Full Interview with Richie Lewis available on Potentially Dangerous with host Tony Hager:

“We have always had a great connection here at Iowa Central with New Jersey.” Moffitt told IAwrestle, “I first heard about Richie midway through his senior year from the Geogehgan twins that were wrestling for us at the time.

“I knew he was solid, but what I like most was that he was trying to take away Anthony Ashnault’s fourth state title. Richie lost 3-1 in the semi’s and got third. Instead of moving to a different weight he chose to take a challenge that most wouldn’t. I admire that; someone looking for a good fight and wanting to take on the best.”

What happened next to Lewis may sound strange. It was definitely strange for an east coast high school kid trying to find a new home, but the connection with coach Moffitt was instant. Even if the experience was a bit outside the ordinary.

“Coach Moffitt picked me up from the airport and took me straight to his buddy’s house. He said ‘I am going to show you what Iowa is like.’ He took me down a dirt road, took me to a farm, to wrestle a billy goat.”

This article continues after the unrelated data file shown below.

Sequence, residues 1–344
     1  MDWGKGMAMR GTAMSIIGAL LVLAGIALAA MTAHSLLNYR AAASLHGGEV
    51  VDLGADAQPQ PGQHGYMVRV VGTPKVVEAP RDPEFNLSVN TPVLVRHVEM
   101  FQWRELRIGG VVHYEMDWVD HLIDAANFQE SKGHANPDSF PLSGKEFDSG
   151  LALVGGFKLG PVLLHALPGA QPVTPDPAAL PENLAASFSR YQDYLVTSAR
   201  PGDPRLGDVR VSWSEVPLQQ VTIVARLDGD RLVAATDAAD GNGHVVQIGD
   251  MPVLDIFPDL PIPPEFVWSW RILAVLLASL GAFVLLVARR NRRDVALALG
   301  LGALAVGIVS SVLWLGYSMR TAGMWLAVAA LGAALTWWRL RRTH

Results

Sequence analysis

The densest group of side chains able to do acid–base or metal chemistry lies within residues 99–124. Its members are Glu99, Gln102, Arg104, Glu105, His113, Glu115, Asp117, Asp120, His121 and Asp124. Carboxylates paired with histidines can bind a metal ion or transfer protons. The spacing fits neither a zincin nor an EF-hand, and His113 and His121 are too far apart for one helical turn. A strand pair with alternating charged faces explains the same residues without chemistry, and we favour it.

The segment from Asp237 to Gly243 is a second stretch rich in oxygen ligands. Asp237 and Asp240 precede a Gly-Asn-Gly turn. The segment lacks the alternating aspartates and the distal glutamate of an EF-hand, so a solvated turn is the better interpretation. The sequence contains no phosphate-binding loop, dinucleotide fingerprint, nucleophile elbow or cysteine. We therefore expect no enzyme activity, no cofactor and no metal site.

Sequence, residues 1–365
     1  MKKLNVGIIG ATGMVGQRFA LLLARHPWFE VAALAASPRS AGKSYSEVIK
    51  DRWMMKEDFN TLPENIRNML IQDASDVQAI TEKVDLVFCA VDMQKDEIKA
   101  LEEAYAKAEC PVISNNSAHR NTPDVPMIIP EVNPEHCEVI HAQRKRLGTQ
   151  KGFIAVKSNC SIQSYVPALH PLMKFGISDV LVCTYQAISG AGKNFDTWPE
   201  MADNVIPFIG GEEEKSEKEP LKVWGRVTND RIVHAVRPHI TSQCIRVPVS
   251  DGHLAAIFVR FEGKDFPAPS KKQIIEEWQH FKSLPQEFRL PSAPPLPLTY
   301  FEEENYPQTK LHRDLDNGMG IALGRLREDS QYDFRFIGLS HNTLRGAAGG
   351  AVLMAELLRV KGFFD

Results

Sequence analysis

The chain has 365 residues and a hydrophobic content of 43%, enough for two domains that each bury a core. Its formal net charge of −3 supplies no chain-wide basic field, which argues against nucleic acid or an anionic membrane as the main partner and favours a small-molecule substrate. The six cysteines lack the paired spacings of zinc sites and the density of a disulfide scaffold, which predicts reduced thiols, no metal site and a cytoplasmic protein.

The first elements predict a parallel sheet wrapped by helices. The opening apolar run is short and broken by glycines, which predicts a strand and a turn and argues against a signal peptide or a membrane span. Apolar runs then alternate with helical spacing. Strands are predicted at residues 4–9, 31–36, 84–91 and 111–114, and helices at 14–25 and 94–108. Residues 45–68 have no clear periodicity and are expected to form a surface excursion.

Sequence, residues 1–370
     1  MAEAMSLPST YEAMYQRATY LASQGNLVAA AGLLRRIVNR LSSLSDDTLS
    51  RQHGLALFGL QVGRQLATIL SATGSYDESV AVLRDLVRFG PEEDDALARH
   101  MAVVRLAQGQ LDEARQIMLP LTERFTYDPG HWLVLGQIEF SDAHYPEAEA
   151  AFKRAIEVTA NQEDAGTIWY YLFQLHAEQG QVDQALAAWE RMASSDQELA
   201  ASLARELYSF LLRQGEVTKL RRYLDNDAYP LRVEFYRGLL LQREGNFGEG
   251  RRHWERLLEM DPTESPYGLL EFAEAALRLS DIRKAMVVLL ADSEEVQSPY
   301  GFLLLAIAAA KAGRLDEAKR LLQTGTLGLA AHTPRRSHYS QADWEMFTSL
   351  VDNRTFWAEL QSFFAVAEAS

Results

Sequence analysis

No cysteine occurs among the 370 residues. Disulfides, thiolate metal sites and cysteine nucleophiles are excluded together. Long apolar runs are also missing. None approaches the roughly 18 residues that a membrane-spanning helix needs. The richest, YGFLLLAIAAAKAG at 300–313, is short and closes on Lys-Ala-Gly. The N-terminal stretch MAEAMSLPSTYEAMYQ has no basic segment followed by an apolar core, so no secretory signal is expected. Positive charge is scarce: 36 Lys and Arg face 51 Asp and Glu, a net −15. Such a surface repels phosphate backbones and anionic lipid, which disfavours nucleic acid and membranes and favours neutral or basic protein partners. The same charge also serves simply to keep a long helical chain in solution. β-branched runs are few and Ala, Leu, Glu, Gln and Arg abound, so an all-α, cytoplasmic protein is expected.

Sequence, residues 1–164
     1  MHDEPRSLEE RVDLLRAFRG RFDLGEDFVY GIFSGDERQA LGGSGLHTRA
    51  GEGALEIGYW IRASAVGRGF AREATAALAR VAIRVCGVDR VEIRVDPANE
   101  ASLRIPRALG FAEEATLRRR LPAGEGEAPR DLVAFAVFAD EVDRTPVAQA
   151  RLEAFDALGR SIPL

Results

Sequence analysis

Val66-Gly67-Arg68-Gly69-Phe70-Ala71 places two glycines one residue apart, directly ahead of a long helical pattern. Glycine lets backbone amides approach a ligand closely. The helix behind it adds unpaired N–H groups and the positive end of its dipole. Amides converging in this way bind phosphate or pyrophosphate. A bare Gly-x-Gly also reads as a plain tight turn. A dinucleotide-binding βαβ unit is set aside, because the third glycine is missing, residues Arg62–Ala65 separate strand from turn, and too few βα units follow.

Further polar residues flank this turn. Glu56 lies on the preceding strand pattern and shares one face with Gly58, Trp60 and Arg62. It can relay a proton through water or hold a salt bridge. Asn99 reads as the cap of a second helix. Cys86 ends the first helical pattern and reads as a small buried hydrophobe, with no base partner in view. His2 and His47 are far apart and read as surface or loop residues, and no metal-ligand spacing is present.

You read that right. Lewis didn’t wrestle a man named William with the last name Goat. Moffitt took Lewis to an Iowa farm to wrestle real livestock. A moment Lewis won’t forget anytime soon.

“We went straight to the farm and I pet the horses and I saw the billy goat and it started charging me. Moffitt said grab it by the horns and see how long you can hold on. I thought he was joking. I am from New Jersey so we don’t see that stuff. I said screw it and grabbed the goat by the horns a little bit. From that point I knew this is where I wanted to be.”

When he got to Iowa Central Lewis was much smaller than he is today. Currently ranked #7 in the nation at 157 pounds for Rutgers, but when Lewis got to Iowa Central he actually projected as a 141 pound wrestler.

“My freshman year I was originally a 141 pounder, then I was a 149 and was having a little trouble with my weight. My body was growing. I hit puberty pretty late. Moffitt told just to focus on wrestling and go 157 pounds. So I started at 141 and then went to 149 all year. The last dual meet of the season Moffitt said go 157 and then next two weeks until Regionals just focus on lifting and getting better, don’t focus on anything else. That’s what I did.”

The move paid off, as Lewis would go on to reach the NJCAA finals that season where he would fall to Yoanse Mejias, 7-3.

“I was this close to winning my first championship whether it be a state title or national tournament so that was a hard feeling. I looked at Moffitt, I stepped off the mat I said ‘I should have listened to you all season. I should have listened and that wouldn’t have happened.”